A Tropical Dream: DanzAbierta’s “Malson”

Five dancers, 3 women and two men, relate on the stage and with projected videos. They are in the videos sometimes, walking up and down a staircase, sitting on the Malecón (pier) in La Habana, overlooking the sea, and fighting each other in a car. Sometimes the video projection is a scene from a busy street in La Habana, where Cubans rush shoulder to shoulder. These frantic images and the peaceful ones, watching the waves and the sky, juxtapose with the action on the stage as if in a dream. “Malson” is the name of an hour long dance piece by the Cuban modern dance company DanzAbierta. Malson is Catalán for nightmare, but also can have a double meaning in Spanish.  “Mal” is bad or evil, while “son” is a typical Cuban rhythm/musical genre.

DanzAbierta means “Open dance” in Spanish. This is a fitting name for the company, which was established in 1988, by Marianela Boán. From its inception DanzAbierta, considered itself “avant-garde” and within that context, infused different forms of art into its choreography. Malson was choreographed by Susana Pous, a dancer originally from Barcelona, who currently resides in Cuba. In a video clip, Pous explains that her style of choreography is based on improvisation and includes lots of input from the dancers. She will present a theme to the company and they will begin to create together. Therefore, the resulting dance is much more organic and related to each dancer’s body, style and personality:

Malson by DanzAbierta, was performed on March 22, 2018 and Friday March 23, 2018, in Philadelphia, and is part of a larger Cuban Arts Festival at the Annenberg Center Live. The Artistic Adviser and Designer for Malson is Guido Gali, and music and videos are by X Alfonso. General Adviser is Noel Bonilla-Chongo. The phenomenal dancers are: Mailyn Castillo, Lissett Gallego, Diana Collumbié, Gabriel Méndez y Marcel Méndez.

On stage the nimble dancers interact with each other and with a big moveable block. The women wear dresses in black or gray and high heels–note that this is not the contemporary dance of barefeet and leotards, typical of modern dancers in the United States. Much of the music is new and electronic/instrumental, but there are a few traditional Cuban songs with lyrics in Spanish. The movements of the dancers range from salsa steps to more lyrical choreography, as well as sharp and frenetic actions. They cover the entire stage and various levels–from rolling on the floor, to lifts and flips. The choreography is polished yet natural and appears to come from within the dancers, illustrating Pous’ explanation of a collaborative process that brings out the uniqueness of each dancer.   Sometimes the dancers are in couples. They also dance in unison or like robots/dolls to represent the struggles within the relationships.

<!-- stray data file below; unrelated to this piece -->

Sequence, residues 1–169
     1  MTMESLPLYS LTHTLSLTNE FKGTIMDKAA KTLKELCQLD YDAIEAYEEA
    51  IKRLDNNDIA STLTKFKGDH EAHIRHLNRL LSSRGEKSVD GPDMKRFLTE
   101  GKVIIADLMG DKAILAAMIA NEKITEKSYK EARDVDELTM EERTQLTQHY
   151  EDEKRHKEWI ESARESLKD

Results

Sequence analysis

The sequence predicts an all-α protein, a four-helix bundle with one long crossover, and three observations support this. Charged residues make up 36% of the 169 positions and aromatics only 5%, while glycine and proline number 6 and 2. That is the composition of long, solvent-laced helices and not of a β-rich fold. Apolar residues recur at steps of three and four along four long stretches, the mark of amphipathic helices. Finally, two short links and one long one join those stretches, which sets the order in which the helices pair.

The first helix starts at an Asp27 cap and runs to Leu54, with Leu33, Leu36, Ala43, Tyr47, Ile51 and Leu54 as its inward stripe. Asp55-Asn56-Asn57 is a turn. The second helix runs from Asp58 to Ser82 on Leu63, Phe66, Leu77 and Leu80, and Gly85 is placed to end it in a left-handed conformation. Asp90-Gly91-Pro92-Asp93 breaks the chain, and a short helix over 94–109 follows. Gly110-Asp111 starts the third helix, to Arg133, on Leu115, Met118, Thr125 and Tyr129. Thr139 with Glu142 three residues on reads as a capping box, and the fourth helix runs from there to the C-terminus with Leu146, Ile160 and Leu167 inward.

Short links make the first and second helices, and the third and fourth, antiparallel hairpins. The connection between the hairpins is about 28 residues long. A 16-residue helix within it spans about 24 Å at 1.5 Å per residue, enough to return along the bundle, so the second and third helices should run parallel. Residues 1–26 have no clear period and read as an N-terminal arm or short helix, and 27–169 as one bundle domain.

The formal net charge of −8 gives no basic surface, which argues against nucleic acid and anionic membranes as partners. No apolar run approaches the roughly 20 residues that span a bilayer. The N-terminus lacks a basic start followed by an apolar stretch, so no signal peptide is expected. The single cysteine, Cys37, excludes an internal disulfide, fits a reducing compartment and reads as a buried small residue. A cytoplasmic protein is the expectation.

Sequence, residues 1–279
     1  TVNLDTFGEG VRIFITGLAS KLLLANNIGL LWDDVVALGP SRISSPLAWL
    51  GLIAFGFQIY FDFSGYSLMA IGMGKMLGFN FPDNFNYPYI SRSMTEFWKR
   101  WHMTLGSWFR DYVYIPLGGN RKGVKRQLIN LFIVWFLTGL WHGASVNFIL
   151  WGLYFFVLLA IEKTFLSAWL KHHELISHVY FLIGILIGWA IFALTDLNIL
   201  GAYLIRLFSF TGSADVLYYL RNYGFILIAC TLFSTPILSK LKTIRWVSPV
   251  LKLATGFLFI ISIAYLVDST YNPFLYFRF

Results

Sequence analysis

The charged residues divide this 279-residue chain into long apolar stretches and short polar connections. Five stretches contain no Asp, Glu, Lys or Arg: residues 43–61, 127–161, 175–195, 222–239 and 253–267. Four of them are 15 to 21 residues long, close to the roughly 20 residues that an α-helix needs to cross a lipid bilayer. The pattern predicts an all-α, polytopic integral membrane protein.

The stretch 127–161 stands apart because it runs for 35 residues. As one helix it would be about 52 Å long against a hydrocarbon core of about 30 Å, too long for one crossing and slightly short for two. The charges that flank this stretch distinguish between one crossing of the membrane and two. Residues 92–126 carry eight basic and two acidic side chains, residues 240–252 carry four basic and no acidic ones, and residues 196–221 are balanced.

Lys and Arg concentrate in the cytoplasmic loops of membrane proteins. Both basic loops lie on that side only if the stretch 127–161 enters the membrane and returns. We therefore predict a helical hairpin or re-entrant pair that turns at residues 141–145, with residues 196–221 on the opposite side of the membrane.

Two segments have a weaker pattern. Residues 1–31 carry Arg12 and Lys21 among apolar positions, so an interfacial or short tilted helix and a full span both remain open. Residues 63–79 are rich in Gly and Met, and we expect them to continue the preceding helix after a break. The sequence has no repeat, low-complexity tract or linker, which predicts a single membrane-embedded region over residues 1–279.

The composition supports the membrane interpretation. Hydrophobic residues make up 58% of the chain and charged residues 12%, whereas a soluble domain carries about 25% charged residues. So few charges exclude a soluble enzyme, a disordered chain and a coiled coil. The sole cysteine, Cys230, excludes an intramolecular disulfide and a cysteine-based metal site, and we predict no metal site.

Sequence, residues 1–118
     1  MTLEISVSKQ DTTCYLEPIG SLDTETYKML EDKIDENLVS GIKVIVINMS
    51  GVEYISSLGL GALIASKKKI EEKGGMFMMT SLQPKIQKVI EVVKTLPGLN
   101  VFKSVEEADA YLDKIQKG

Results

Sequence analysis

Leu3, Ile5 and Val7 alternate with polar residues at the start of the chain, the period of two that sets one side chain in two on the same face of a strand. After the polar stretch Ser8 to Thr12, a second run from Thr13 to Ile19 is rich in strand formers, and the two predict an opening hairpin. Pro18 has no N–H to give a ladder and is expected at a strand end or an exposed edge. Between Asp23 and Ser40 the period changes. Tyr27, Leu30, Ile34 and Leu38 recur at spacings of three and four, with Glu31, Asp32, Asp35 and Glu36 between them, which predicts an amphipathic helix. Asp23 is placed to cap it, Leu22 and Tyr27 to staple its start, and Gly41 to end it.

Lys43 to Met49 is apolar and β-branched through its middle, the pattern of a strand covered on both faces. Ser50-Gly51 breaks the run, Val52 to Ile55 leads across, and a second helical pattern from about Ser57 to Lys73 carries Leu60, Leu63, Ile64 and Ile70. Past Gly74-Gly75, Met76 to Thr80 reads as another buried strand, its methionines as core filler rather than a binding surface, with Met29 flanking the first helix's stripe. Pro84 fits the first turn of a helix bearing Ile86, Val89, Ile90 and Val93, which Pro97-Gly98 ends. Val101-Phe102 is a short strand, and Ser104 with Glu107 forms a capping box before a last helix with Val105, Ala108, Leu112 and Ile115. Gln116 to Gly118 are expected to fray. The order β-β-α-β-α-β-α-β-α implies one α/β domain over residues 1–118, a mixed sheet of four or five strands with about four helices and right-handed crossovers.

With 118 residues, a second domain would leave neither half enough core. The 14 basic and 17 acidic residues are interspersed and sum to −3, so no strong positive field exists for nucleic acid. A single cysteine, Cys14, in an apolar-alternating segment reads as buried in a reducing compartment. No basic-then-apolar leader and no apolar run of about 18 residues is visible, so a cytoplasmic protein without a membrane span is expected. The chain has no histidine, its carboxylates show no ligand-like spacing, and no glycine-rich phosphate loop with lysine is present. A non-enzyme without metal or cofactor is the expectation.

29257870_1590006417762361_4254547770203220958_n

What is most innovative to me is how the choreography relates to the video that is projected on the screen behind the dancers. The dancers seem to interact with themselves and the people and environment on the screen. This creates a tension between the video, dancers and audience. It is not just a pretty backdrop as used in some productions–it is an intrinsic para of the drama and the dance. It creates a visual experience that is interactive. One of my favorite instances was when the camera moved through a Havana street. It was as if the action was taking place in that very street and I was along for the ride. Most poignant and poetric were the scenes on the Malecón, overlooking the ocean.

Running time: 1 hour.

Malson by DanzAbierta goes next to Washington DC, on March 30, 2018. For more information check Susana Pous’ website or DanzAbierta’s Facebook page.  For upcoming events at the Annenberg Center Live in Philadelphia, visit their website.

Advertisements

Tango Fire: Then and Now